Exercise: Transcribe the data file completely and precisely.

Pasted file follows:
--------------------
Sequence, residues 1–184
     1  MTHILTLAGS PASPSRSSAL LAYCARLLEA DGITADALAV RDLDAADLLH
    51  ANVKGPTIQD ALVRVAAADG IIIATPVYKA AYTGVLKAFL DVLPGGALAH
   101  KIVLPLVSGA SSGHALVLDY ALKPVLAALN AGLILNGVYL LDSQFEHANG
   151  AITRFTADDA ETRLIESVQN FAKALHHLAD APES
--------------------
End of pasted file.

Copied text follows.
Sequence, residues 1–184
     1  MTHILTLAGS PASPSRSSAL LAYCARLLEA DGITADALAV RDLDAADLLH
    51  ANVKGPTIQD ALVRVAAADG IIIATPVYKA AYTGVLKAFL DVLPGGALAH
   101  KIVLPLVSGA SSGHALVLDY ALKPVLAALN AGLILNGVYL LDSQFEHANG
   151  AITRFTADDA ETRLIESVQN FAKALHHLAD APES